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A rendering of a street of converted single family homes in Astoria, Queens. The conversions would allow the original owners to rent space in their homes that otherwise be would underutilized, while still maintaining adequate space and privacy for owner and renter. Rendering by Gans Studio. Courtesy MCNY. Several others looked at smaller living spaces for singles who would not need the size of a typical apartment. These proposals frequently incorporated shared common facilities, like kitchens, as a means of keeping the small private living spaces feasible. One of these, designed by Ted Smith, even incorporated such fanciful space saving features as a collapsible bathroom. However, despite the innovative solutions to the problem these designs posit, none would be legal under current city zoning restrictions. Then, last year, Mayor Bloomberg upped the ante by announcing the adAPT NYC competition, which asked teams to design an entire building of micro-units. This time a winning entry was to actually be built on city-owned land, and a special exemption would be enacted which would allow the units to be under the 400 square foot minimum. A rash of innovative submissions followed the announcement, surprising the Mayor’s office with the level of interest it generated – 33 proposals in all, more than ever before received for a housing project.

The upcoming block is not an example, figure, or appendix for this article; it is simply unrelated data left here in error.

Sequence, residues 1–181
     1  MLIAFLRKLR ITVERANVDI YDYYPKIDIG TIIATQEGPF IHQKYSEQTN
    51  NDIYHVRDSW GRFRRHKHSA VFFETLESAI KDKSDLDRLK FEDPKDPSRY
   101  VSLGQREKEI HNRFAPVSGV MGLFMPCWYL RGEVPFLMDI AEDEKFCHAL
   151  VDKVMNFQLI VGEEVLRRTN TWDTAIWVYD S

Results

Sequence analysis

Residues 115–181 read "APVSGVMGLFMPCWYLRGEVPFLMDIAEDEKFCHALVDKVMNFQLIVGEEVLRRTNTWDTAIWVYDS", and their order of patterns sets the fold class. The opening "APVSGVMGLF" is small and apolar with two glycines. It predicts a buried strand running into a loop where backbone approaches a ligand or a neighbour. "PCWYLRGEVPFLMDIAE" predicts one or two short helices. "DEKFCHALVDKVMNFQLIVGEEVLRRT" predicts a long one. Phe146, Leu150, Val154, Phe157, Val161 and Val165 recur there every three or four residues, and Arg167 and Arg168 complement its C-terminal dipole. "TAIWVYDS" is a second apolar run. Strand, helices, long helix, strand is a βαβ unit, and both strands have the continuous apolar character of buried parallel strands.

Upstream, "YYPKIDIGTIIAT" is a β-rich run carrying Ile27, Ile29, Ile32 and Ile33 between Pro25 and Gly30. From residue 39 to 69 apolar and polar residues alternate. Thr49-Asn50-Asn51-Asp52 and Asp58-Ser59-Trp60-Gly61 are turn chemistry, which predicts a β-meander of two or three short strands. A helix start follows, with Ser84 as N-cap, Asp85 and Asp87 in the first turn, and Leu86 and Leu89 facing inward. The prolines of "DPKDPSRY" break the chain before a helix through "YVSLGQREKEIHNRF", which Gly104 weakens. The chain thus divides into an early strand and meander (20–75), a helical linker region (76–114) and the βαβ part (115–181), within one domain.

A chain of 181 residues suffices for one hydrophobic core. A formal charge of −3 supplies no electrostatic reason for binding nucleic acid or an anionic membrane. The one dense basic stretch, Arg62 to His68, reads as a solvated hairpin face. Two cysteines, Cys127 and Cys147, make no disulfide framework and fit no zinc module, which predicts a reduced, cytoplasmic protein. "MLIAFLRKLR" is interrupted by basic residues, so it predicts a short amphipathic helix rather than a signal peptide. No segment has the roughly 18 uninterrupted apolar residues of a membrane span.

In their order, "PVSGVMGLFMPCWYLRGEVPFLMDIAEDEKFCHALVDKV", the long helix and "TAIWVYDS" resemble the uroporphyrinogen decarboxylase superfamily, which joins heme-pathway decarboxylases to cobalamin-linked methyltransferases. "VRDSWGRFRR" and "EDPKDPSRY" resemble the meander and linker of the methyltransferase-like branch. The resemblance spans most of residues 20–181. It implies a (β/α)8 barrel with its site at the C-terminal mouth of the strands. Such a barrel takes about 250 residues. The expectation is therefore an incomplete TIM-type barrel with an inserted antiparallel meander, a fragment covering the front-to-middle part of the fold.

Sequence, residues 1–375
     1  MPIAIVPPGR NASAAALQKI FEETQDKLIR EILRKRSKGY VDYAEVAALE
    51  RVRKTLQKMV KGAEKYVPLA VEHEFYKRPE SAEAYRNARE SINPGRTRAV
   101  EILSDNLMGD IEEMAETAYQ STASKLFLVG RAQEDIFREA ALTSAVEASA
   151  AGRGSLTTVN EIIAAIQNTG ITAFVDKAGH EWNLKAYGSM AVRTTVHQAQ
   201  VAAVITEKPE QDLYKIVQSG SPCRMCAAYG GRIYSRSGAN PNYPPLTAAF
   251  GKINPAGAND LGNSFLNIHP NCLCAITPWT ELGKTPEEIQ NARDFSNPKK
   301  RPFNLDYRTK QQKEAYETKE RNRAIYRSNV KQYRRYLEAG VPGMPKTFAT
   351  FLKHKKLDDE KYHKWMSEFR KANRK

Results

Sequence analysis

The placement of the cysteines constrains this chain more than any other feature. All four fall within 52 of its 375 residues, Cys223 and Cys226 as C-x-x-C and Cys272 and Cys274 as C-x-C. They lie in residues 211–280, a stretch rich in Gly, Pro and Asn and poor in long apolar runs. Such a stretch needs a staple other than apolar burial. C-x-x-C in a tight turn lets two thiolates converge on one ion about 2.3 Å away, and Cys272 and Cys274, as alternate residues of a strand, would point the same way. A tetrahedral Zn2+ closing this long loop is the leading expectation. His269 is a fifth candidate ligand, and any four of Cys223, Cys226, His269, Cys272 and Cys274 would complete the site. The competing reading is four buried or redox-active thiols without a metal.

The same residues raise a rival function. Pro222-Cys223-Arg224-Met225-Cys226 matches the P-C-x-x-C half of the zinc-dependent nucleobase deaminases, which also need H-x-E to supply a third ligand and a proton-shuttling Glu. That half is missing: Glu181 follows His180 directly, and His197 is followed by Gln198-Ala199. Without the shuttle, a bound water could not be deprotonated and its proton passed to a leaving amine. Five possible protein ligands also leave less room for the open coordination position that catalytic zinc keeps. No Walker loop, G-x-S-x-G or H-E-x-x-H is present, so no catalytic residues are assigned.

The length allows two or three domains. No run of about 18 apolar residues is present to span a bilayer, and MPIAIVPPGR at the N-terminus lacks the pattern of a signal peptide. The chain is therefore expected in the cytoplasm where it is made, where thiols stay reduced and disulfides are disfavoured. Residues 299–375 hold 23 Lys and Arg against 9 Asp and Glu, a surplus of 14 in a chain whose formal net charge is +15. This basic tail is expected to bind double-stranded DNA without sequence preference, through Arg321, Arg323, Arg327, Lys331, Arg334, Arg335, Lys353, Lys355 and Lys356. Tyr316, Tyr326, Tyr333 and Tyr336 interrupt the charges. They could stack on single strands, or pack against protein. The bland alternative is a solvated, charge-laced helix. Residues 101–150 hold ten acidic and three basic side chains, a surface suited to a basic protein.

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A rendering of My Micro NY’s modular assembly. The pieces would be built at the Brooklyn Navy Yards, and assembled on site. Image courtesy mir.no

On January 22, the winner of the competition, a modular design by nArchitects called My Micro NY, was announced at the Making Room exhibition one day before the exhibit opened. The winning design will house 55 units that are to be prefabricated in Brooklyn and assembled on site on East 27th Street. The units will range from 250 to 370 square feet and be supplemented by other common areas throughout the building including a roof garden, a bike room, and a lounge.

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A rendering of the exterior façade of My Micro NY. Image courtesy mir.no.

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A rendering of the interior of a My Micro NY unit. Image courtesy ledaean.com.

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A rendering of the bottom floors of My Micro NY. Image courtesy mir.no.

My Micro NY is being featured at MCNY along with four other runners up and the five original proposals. And while many skeptics are railing against the seeming ludicrousness of these tiny apartments, the exhibit rebuts these criticisms with a full size mock-up of a hypothetical micro-unit.